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Mon, Sept. 23

Arizona representative, senators introduce Hualapai water settlement

Hualapai Tribal Chairman Dr. Damon R. Clarke reads a proclamation from Gov. Doug Ducey back in 2017. (Daily Miner file photo)

Hualapai Tribal Chairman Dr. Damon R. Clarke reads a proclamation from Gov. Doug Ducey back in 2017. (Daily Miner file photo)

KINGMAN – In an effort to secure water rights for the Hualapai people, which Hualapai Tribal Chairman Dr. Damon R. Clarke says is essential to their future, Arizona elected officials Martha McSally, Kyrsten Sinema, and Tom O’Halleran are working to solidify a water settlement for the Hualapai Tribe.

The bill was introduced May 1 by U.S. Rep. Tom O’Halleran (D-District 1) in the House of Representatives and in the Senate by Senators McSally and Kyrsten Sinema (D-Arizona). The bill was previously introduced by U.S. Senators Jeff Flake and John McCain.

“Water is the lifeblood of communities throughout Arizona and across the region, and without it, economic development and growth is stalling. Today, I am proud to support Arizona families and tourism by introducing the Hualapai Water Rights Settlement Act,” O’Halleran said in a press release from McSally’s office. “This important legislation will give the Hualapai Tribe access to water from the Colorado River, and it will allow Peach Springs and Grand Canyon West to grow and create good-paying jobs in the area. I am pleased to see members of our delegation coming together in both the House of Representatives and the Senate to address this issue.”

According to the release, the Hualapai Tribe Water Rights Settlement Act of 2019 would codify an agreement between Arizona and the U.S. government for the Hualapai Tribe’s federally-reserved water rights. That includes the right to receive 4,000 acre-feet of water per year from the Colorado River.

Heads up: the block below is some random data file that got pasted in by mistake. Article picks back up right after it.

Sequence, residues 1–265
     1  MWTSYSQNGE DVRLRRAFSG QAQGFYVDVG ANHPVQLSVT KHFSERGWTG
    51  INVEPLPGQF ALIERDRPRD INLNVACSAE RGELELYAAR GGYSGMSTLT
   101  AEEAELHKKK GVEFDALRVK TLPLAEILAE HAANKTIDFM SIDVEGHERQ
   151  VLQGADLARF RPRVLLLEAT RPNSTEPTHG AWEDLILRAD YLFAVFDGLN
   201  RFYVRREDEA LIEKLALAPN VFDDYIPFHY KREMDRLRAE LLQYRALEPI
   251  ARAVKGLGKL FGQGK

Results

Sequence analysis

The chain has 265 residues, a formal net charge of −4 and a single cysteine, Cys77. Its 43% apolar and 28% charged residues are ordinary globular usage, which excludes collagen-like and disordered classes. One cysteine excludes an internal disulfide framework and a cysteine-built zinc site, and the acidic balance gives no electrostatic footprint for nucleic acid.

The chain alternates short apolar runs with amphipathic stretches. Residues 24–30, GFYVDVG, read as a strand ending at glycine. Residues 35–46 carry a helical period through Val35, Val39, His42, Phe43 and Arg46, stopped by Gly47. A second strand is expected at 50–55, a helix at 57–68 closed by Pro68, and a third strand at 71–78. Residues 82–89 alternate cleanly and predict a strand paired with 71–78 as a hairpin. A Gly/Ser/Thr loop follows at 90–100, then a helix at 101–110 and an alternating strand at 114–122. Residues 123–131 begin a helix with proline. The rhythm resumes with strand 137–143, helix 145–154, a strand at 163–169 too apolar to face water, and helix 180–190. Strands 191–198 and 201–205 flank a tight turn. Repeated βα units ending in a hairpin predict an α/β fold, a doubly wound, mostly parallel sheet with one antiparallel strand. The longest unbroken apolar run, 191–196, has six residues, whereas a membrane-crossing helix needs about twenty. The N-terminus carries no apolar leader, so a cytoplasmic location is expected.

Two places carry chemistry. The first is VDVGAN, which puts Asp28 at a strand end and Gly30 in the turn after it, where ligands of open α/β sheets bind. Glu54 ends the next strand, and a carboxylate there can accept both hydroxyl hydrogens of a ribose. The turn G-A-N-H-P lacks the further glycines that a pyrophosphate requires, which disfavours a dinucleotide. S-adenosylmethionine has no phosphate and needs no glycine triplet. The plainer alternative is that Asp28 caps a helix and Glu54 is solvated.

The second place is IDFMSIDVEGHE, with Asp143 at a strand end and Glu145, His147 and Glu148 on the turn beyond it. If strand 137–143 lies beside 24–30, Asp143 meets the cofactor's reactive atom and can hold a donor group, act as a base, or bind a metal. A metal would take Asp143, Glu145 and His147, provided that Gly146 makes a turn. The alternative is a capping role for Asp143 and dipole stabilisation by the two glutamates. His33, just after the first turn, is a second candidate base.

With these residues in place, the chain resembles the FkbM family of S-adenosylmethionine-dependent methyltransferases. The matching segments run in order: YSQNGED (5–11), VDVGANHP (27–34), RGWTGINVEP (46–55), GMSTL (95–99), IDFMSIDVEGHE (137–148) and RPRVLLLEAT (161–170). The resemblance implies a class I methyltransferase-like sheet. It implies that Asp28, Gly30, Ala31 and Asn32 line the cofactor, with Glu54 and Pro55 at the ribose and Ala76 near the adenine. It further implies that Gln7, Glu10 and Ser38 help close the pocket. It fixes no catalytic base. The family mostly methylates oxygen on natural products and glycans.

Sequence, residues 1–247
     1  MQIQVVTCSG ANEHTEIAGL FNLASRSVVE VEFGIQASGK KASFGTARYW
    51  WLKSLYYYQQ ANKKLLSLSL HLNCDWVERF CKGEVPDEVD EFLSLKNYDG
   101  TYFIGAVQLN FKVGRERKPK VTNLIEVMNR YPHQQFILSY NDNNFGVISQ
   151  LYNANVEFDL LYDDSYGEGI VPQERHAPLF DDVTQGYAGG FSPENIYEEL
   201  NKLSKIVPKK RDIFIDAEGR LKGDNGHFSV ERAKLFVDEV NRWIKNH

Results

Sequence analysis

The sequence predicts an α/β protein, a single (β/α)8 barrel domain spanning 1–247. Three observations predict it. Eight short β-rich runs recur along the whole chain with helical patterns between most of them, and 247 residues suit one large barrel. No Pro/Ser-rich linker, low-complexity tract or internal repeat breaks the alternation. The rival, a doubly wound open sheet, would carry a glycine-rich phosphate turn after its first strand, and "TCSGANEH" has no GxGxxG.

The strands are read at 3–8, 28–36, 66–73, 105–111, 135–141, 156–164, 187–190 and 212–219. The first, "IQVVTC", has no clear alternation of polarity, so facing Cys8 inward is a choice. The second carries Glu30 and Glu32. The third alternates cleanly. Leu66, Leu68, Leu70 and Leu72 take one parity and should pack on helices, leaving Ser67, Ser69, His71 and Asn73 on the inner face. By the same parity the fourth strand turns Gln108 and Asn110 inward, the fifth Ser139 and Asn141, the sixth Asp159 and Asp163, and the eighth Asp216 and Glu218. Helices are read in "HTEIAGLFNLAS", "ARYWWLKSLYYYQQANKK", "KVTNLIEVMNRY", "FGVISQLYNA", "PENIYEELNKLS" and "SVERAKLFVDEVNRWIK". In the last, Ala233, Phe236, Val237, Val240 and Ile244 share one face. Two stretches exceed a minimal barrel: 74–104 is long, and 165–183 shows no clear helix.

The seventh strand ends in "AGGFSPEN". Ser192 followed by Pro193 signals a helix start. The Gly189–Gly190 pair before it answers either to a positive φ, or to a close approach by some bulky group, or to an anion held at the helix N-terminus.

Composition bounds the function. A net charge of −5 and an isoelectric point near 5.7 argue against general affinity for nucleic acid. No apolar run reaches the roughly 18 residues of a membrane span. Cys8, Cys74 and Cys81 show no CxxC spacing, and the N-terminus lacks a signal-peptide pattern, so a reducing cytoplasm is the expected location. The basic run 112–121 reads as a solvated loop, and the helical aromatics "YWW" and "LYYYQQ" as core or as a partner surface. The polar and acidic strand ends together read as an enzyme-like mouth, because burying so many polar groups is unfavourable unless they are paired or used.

“Grand Canyon West, located on the Hualapai reservation, brings more than 1 million visitors each year to Arizona,” McSally said in the release. “The Hualapai Tribe Water Rights Settlement Act codifies the agreement made between tribe and government to sustain high levels of tourism and employment in the area. It is critical this bill is sent to the president’s desk quickly not only to boost the Hualapai Tribe’s economic self-sufficiency, but to provide fundamental long-term water security necessary for the Tribe’s population on the Reservation.”

Sinema wrote that she is proud to work closely with the Hualapai Tribe “to finalize a landmark water rights settlement that will provide the Hualapai people with water security and grow Arizona’s economy.”

“The Hualapai Tribe has worked for years to secure its water rights, and this critical legislation will strengthen our sovereignty and self-reliance for generations,” Clarke said. “We are grateful for the continued work of Arizona’s congressional delegation, especially Sen. Martha McSally, Sen. Kyrsten Sinema, Rep. Tom O’Halleran and Rep. Paul Gosar. They have all been steadfast in their support of the Hualapai Tribe. As the Senate and House move this legislation forward, we await the day when we can finally secure these rights that are essential to the future of the Hualapai people.”

Information provided by the office of Sen. Martha McSally

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